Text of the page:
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Questions about asymptotic notations and analysis

1
vote
Hint: use $\log(a+b) = \log a + \log(1+b/a)$ this; Write the $\log(n^n+n)$ as $\log(n^n+n) = \log(n^n) + \log(1+n/n^n)$ $ \log(n^n) + \log(1+n/n^n) \in \mathcal{O}(n \log n)$ note $n/n^n \rightarro …
answered Oct 11 '18 by kelalaka
1
vote
$T(n)= a T(n/b)+ f(n) $ A generalization that usually works; set $n= b^k$. With backward substitution method. $T(n)=4T(n/2)+n^2 log^2 n $ take $n = 2^k$ \begin{align} T(2^k) & = 4 T(2^{k-1}) …
answered Oct 11 '18 by kelalaka
2
votes
We can write the for loop as the sums; $$\sum_{i=1}^{n} \sum_{j = 1}^{i} 1 = \sum_{i=1}^{n}i = \frac{n(n+1)}{2} \in\mathcal{O}(n^2) \, .$$ Note: set the starting values from $i = 1$ and $j = 1$, and …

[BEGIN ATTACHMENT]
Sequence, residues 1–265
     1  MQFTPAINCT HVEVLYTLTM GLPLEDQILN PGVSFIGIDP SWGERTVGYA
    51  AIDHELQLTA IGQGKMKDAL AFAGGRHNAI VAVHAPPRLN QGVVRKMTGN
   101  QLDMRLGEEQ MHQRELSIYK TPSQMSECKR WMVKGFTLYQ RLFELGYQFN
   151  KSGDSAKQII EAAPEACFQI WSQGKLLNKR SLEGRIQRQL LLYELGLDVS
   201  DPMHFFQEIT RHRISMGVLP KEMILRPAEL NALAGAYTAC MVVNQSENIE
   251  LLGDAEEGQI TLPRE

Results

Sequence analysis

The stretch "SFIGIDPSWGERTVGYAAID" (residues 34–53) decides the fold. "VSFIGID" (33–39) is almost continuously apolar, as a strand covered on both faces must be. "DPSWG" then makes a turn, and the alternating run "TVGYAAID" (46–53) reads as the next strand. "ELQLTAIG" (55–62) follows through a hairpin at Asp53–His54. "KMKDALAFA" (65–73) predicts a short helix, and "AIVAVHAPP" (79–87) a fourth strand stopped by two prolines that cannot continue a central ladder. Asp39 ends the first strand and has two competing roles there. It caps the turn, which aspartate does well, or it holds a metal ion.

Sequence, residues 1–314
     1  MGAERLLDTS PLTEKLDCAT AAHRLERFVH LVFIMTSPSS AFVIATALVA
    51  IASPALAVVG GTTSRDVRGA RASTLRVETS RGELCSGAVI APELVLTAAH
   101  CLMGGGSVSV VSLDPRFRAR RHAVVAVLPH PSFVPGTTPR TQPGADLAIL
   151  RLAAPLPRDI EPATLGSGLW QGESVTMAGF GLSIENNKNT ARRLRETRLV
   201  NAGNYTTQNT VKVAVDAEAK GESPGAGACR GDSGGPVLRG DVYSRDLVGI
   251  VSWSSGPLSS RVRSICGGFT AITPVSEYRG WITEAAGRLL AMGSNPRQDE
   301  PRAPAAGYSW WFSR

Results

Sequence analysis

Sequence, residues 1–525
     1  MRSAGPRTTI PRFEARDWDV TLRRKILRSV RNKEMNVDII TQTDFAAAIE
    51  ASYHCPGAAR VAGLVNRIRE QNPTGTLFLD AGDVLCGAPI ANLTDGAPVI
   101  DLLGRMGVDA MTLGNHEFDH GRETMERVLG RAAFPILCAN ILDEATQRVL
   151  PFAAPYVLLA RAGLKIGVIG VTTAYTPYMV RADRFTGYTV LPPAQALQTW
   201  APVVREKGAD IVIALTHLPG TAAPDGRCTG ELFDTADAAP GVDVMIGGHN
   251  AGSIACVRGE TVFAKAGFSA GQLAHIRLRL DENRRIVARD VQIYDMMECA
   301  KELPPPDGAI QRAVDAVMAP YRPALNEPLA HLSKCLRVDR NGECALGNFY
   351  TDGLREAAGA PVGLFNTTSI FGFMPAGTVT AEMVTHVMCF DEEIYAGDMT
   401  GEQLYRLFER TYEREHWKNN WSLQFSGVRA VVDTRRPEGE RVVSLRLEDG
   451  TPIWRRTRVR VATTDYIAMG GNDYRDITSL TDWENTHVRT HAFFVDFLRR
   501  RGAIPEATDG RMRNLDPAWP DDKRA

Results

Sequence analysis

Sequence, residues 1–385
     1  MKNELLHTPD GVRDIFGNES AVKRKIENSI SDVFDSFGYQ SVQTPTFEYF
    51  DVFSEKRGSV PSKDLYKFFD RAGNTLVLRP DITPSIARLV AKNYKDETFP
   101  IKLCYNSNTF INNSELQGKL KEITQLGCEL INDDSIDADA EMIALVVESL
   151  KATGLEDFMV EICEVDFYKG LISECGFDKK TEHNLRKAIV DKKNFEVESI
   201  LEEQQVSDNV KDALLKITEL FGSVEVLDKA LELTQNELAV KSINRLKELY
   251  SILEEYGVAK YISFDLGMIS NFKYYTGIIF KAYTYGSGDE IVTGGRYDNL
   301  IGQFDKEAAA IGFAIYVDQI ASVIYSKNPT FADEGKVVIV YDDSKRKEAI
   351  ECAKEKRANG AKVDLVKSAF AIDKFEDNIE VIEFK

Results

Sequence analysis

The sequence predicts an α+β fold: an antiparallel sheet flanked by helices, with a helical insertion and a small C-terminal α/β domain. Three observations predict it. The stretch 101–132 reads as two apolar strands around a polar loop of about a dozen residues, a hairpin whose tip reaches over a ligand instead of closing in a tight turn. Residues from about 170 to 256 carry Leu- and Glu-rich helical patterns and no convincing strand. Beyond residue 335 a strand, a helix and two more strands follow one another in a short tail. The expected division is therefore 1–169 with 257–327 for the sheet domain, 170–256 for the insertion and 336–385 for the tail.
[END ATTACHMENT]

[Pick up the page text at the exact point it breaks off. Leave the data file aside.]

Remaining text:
answered Dec 23 '18 by kelalaka
1
vote
$\log_{100}n \in \mathcal{O}(log(n))$ since base change is a constant. $\log n \in \mathcal{O}(n) $ $\log n \in \mathcal{O}(n^2) $ $\log n \in \mathcal{O}(n^3) $ $\log n \in \mathcal{O}(n^{3/2}) $ …
answered Oct 17 '18 by kelalaka
3
votes
Using David's definition; a function is super-exponential if it grows faster than any exponential function. More formally, this means that it is $\omega(c^n)$ for every constant $c$, i.e., if $\lim …
answered Nov 10 '18 by kelalaka
1
vote
Here a list from Wikipedia, The lower in the table the bigger complexity class; $$ \begin{array}{|l|l|} \hline Name & \text{Running Time} \\ \hline \text{Constant time} & \mathcal{O}(1) \\ \text{Inver …
answered Oct 6 '18 by kelalaka